The organisers of Strade Bianche WorldTour races, RCS Sport, are keeping to tradition for the 2021 editions, using the same 184km route for men and 136km for women as last year, when Wout van Aert and Annemiek van Vleuten triumphed on the white gravel roads around Siena. The races are set to take place on March 6, kicking off the women's WorldTour and as the third race in the men's WorldTour.
The women set off first at 9:10am CET for a total of 31.4km across eight gravel sectors, while the men will tackle 11 sectors and 63km of the iconic Tuscan gravel, setting off from the Piazza del Campo at 11:40am local time.
In 2020's coronavirus-shortened season, Van Aert (Jumbo-Visma) came out strong when racing resumed, powering away from breakaway companions Davide Formolo (UAE Team Emirates) and Max Schachmann (Bora-Hansgrohe) to win Strade Bianche before taking out his first Monument win in Milan-San Remo.
"That week in Italy, with my victory in Strade Bianche and shortly after in Milan-San Remo was the most special period of the year for me. It was a very intense time, after the restart of the season, and it was a unique experience to go from one success to another," Van Aert said.
Van Aert went on to win stages of the Critérium du Dauphiné and Tour de France, the Belgian time trial title and two silver medals at Worlds before transitioning to cyclo-cross, where he won the World Cup overall but had to concede to Mathieu van der Poel (Alpecin-Fenix) at Worlds.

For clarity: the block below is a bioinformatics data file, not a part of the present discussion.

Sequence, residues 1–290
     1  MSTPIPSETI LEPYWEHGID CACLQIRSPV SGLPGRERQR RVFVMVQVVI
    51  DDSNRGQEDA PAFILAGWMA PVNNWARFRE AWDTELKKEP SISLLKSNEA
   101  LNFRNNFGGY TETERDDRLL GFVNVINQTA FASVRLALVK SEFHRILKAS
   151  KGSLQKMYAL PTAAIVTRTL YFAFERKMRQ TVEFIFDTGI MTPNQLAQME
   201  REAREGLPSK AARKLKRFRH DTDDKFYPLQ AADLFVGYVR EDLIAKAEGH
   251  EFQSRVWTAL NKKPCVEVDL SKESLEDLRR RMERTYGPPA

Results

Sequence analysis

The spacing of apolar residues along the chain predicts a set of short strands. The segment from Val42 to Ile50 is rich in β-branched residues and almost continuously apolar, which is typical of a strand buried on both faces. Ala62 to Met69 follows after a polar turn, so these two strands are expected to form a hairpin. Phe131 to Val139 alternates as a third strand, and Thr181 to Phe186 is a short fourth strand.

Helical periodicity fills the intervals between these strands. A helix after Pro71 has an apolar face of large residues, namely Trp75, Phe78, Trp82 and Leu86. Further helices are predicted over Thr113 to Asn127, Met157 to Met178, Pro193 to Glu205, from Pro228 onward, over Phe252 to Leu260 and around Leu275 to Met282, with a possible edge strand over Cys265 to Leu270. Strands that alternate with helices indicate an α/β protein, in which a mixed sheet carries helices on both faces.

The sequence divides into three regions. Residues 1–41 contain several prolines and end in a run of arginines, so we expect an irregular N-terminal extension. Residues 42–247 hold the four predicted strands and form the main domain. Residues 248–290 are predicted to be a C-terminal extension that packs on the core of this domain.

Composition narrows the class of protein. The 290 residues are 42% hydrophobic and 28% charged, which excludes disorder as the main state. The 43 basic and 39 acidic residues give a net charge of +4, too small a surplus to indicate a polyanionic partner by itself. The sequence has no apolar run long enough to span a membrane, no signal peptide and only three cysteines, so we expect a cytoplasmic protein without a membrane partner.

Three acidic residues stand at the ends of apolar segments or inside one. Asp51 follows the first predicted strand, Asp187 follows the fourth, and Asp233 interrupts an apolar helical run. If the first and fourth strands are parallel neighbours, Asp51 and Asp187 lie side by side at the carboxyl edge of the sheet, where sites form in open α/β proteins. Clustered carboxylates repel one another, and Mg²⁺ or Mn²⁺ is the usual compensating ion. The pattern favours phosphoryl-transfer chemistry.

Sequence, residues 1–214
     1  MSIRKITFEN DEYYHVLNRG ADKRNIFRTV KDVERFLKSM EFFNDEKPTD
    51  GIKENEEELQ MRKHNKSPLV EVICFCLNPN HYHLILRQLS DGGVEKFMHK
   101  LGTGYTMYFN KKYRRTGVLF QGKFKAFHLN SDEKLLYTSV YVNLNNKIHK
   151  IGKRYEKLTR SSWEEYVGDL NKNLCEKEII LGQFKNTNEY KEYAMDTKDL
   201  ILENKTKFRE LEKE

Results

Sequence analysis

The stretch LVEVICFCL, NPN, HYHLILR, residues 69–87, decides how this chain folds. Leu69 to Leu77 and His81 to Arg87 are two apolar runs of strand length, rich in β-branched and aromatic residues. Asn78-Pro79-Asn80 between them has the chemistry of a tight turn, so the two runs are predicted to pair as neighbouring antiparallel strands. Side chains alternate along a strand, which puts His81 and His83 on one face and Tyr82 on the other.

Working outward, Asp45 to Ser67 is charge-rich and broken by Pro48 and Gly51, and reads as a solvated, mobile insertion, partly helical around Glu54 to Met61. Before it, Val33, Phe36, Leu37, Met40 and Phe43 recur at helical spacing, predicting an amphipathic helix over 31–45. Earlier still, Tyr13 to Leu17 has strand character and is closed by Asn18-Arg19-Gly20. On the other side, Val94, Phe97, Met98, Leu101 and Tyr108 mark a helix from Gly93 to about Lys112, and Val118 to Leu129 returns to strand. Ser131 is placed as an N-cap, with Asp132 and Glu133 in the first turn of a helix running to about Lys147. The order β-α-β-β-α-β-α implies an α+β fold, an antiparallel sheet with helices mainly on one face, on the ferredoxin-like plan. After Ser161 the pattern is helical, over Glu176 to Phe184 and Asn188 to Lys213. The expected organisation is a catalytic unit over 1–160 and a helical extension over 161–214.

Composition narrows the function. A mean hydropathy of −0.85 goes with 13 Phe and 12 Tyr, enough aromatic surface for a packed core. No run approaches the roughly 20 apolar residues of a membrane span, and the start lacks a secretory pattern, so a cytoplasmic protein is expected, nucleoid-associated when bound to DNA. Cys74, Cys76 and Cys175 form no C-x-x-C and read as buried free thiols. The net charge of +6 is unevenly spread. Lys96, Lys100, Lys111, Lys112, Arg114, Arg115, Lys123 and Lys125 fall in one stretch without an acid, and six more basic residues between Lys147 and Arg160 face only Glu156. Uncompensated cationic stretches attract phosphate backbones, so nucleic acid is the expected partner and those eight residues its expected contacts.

"After the Cyclo-cross World Championships I've taken a short break and since then I have started my preparations for the new season. In the beginning, my main focus will be on the one-day races. I'm very much looking forward to my Italian block. Not only because of Strade Bianche, but this time also because of Tirreno-Adriatico."
The course for Strade Bianche is difficult not just because of the rough and often slippery gravel sectors, but also because of its relentlessly undulating profile. The first gravel stretch is 2.1km long and straight, while the second 5.8km sector is the first major difficulty with a long ascent kicking up a more than 10 per cent gradient. Sectors 3 and 4 are 4.4km and 5.5km in length, respectively, and are followed by the paved 4km climb of the Montalcino.
With heart rates up from the climb, the peloton then tackles the longest section of gravel with 11.9km sector 5 and 8km sector 6, separated by only 1 kilometre of paved roads. Both are hilly and technical making for a decisive midpoint of the race.
After a 12km respite, riders hit sector 7, 9.5km in the middle of the Crete Senesi, and with 54km to go, get to the next stretch, the hardest gravel road with steep climbs and descents of 11.5 kilometres. The remaining three gravel stretches are short but double-digit gradient steep and provide a perfect launching pad for a decisive attack.
The demanding finale back to the Piazza del Campo, with gradients up to 16 per cent, has been the make-or-break moment for a list of champions that also includes Fabian Cancellara, Philippe Gilbert, Michal Kwiatkowski, Tiesj Benoot and Julian Alaphilippe.
Van Vleuten (Movistar), winner of the last three women's editions, and other past winners Lizzie Deignan and Elisa Longo Borghini of Trek-Segafredo are expected to once again rise to the top of the 134km women's race, which includes eight of the same gravel stretches - the women won't tackle the long sectors 5, 6 and 8 - but will face the same choppy final 35km as the men.
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